To be a pilgrim in the middle ages was to forego the pleasures of life, wear clothes of the poor and eat plain food while taking long and difficult journeys, which could take many months to complete while spending long hours in prayer and fasting. Even after facing these trials the travelling in itself could be a dangerous undertaking with shipwreck and attack by pirates at sea and bandits overland lying in wait real possibilities.

The Mount's heritage goes back an impressively long way. Established originally as a religious foundation in 708 AD, the Duke of Normandy allowed Benedictine monks to live there from 990 AD. In the 1200s the King of France agreed to fully fund a reconstruction of the Abbey and it was this edifice that had such an impact on pilgrims that the Mount became known as the Wonder. Due to its strategic position fortifications were added a hundred years later and it became the only settlement to resist the English during the Hundred Years War.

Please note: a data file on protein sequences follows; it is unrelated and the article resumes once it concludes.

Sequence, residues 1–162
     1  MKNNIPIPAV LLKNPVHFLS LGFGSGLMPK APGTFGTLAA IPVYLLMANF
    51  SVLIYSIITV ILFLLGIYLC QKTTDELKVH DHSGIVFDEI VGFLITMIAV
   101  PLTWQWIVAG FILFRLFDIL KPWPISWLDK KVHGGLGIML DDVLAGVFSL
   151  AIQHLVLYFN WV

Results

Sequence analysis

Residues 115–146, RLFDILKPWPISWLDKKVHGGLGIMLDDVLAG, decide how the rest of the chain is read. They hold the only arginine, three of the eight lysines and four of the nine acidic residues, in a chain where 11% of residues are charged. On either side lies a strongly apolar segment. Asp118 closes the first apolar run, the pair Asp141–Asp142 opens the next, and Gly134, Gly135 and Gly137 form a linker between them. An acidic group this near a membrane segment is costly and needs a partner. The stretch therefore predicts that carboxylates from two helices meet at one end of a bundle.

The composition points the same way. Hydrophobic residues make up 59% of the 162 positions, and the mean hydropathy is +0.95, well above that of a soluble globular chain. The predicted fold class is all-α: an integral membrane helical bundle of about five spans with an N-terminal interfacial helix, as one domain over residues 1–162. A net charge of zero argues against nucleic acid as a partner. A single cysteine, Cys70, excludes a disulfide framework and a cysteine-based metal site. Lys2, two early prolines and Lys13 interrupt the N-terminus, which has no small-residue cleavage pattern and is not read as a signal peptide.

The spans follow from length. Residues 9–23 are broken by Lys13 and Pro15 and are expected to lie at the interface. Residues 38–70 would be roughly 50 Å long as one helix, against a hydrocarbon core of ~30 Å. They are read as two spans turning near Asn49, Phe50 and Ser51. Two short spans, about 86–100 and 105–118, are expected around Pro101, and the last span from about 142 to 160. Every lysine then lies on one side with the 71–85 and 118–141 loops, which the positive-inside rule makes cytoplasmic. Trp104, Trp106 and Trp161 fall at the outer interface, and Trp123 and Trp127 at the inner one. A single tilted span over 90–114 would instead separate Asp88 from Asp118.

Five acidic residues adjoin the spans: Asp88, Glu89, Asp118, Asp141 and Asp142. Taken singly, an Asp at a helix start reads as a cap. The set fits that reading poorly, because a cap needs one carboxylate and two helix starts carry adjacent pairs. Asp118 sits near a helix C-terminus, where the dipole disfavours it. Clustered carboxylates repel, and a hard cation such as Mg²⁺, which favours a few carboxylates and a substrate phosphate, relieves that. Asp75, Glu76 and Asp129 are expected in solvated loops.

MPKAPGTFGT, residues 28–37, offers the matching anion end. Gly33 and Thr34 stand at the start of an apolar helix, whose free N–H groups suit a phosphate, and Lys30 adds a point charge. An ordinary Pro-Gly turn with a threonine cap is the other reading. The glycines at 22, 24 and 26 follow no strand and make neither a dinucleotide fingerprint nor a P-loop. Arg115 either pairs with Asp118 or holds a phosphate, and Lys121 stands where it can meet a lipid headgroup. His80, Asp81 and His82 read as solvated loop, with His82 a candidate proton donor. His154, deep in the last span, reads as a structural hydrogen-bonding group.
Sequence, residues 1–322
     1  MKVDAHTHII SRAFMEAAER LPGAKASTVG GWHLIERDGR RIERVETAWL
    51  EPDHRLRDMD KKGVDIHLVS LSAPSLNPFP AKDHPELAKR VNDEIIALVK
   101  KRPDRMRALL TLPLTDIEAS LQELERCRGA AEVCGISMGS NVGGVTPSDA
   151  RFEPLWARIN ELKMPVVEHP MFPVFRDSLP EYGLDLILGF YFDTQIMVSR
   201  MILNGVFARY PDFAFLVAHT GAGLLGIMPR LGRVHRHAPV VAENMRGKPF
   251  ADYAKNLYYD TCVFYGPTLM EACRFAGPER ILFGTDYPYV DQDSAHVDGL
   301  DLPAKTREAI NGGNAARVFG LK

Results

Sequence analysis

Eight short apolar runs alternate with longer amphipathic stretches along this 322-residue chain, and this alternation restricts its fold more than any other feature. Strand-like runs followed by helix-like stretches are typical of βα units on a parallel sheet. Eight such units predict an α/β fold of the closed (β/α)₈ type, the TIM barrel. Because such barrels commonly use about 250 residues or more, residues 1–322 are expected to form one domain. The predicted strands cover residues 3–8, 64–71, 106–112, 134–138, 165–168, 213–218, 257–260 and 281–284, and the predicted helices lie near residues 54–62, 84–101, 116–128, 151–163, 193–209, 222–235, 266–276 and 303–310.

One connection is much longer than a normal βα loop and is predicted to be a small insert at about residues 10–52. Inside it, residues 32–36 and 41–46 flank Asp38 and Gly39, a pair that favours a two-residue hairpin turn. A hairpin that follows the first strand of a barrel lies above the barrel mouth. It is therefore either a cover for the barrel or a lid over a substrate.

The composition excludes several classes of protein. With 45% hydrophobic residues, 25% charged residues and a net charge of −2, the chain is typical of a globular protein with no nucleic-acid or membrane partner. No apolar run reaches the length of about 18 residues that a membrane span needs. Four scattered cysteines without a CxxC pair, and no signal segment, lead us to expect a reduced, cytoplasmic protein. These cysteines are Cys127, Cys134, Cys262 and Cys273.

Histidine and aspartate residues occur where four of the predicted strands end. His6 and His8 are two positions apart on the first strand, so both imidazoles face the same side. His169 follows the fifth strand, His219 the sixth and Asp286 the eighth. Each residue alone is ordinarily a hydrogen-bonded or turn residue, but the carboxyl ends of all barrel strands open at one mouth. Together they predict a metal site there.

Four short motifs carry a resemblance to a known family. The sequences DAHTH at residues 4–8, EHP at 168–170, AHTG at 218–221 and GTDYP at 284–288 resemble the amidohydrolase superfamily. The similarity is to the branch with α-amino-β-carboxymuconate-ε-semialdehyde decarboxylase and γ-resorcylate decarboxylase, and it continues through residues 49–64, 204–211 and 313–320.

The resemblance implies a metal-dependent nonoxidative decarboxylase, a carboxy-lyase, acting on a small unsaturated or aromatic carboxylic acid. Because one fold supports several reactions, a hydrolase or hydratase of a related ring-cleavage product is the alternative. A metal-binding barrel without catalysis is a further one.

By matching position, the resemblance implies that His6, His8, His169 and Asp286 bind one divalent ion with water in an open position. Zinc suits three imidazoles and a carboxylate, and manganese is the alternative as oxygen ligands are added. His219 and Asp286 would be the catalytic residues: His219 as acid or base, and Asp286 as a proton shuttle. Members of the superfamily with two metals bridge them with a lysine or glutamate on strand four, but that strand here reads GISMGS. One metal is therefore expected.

Notes from France - Mont St Michel photo by modernbricabrac

The Abbey was a special feat of medieval engineering and was constructed upwards instead of outwards with the vertiginous chapel sitting on the very top. Once we had parked we took the route along the river Couesnon until we reached the dam completed in 2009. From there we joined the spectacular walkway finished only four years ago that leads across the sands to the Mount.

Notes from France - Mont St Michel photo by modernbricabrac